By Mary Kate Cary, Thomas Jefferson Street blog
Franklin Roosevelt was elected president in November of 1932, and by the time of his Inauguration on March 4, 1933, more than 13 million Americans were unemployed and nearly every bank had closed. Inaugurations were held on March 4 until the 20th Amendment to the Constitution was passed, moving it to January 20. Just a week after being sworn in, he decided to give his first Fireside Chat to explain the banking system to the American public.
From Franklin Roosevelt's first fireside chat, delivered today, March 12, 1933, seventy-six years ago:
I want to talk for a few minutes with the people of the United States about banking — with the comparatively few who understand the mechanics of banking but more particularly with the overwhelming majority who use banks for the making of deposits and the drawing of checks ...
We had a bad banking situation. Some of our bankers had shown themselves either incompetent or dishonest in their handling of the peoples funds. They had used the money entrusted to them in speculations and unwise loans. This was, of course, not true in the vast majority of our banks, but it was true in enough of them to shock the people for a time into a sense of insecurity and to put them into a frame of mind where they did not differentiate, but seemed to assume that the acts of a comparative few had tainted them all. It was the Government's job to straighten out this situation and do it as quickly as possible. And the job is being performed. I do not promise you that every bank will be reopened or that individual losses will not be suffered, but there will be no losses that possibly could be avoided; and there would have been more and greater losses had we continued to drift...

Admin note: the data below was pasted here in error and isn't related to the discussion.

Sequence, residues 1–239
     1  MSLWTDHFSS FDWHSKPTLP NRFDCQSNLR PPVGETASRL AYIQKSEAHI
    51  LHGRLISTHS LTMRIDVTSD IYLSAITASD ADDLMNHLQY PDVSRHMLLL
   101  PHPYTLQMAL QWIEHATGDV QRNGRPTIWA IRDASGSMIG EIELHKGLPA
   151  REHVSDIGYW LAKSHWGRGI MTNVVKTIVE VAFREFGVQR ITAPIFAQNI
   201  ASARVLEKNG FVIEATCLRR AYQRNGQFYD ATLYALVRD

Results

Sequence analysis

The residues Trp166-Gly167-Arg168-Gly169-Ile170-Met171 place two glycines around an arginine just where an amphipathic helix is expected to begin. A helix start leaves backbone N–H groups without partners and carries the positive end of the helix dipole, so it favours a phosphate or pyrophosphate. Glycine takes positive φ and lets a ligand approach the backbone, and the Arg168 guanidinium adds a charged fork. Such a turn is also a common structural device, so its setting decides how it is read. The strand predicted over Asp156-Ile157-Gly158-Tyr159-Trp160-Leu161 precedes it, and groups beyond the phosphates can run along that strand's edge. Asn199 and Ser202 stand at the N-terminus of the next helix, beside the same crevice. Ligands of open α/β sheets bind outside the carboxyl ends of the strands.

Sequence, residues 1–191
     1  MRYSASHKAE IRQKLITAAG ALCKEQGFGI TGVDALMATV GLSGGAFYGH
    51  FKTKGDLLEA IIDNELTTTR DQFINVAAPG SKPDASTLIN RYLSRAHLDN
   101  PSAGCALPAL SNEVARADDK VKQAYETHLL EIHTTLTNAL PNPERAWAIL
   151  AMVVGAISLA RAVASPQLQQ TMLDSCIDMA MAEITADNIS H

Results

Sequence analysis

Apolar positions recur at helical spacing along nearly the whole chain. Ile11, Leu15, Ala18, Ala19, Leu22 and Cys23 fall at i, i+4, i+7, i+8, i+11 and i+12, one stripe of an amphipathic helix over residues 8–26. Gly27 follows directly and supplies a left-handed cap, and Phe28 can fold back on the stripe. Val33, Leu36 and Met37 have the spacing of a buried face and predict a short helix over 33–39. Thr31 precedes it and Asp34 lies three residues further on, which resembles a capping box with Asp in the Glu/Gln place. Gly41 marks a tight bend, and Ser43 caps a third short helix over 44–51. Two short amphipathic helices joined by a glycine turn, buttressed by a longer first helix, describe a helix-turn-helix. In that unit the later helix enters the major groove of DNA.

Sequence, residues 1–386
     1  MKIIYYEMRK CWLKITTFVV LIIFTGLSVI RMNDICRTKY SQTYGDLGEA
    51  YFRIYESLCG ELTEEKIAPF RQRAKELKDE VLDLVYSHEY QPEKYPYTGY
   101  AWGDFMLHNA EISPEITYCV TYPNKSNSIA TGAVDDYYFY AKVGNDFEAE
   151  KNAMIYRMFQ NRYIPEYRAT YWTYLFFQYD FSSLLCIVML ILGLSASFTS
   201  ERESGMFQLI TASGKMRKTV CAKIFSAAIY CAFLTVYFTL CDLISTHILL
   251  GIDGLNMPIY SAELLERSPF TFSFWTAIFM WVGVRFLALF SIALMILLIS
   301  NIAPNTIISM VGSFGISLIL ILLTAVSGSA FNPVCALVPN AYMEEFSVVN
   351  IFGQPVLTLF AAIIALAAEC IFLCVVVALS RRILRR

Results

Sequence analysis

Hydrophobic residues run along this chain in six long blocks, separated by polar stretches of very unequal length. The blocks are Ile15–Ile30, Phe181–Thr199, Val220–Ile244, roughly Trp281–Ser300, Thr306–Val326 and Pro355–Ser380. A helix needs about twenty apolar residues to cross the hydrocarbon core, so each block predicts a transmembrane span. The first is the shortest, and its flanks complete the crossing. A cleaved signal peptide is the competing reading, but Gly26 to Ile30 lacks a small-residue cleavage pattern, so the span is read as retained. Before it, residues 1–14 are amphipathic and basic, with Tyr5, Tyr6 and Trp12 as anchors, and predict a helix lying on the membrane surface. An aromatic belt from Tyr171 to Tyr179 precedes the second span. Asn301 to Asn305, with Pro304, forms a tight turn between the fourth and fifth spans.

It has been wonderful to me to catch the note of confidence from all over the country. I can never be sufficiently grateful to the people for the loyal support they have given me in their acceptance of the judgment that has dictated our course, even though all our processes may not have seemed clear to them.
After all, there is an element in the readjustment of our financial system more important than currency, more important than gold, and that is the confidence of the people. Confidence and courage are the essentials of success in carrying out our plan. You people must have faith; you must not be stampeded by rumors or guesses. Let us unite in banishing fear. We have provided the machinery to restore our financial system; it is up to you to support and make it work.
It is your problem no less than it is mine. Together we cannot fail.
Not a crazy idea at all, back then, and maybe even a better one today for President Obama. I'm not suggesting a "fireside chat" a la Jimmy Carter in a cardigan, but a series of one-on-one talks with the American people explaining the crisis and the government's response—as well as a go-get-em confidence builder at the end—might work wonders. It could be aired on television, but available on the White House website, YouTube and on podcasts. People could listen to it whenever they want. He could make his best case for his banking bailout, for the housing proposals, for the IMF loans proposed today, for example, and why we should support these ideas. Republicans could respond with their best case for their ideas.
If you read the entire original transcript, you'll see FDR talks about the 1930s equivalent of "stress tests" for banks, and the crucial role of the Fed. Some things don't change.
One more interesting point: President Roosevelt's first Fireside Chat was broadcast on radio at 10 o'clock at night. That would never work now—everyone wants to watch Jay Leno's new show.
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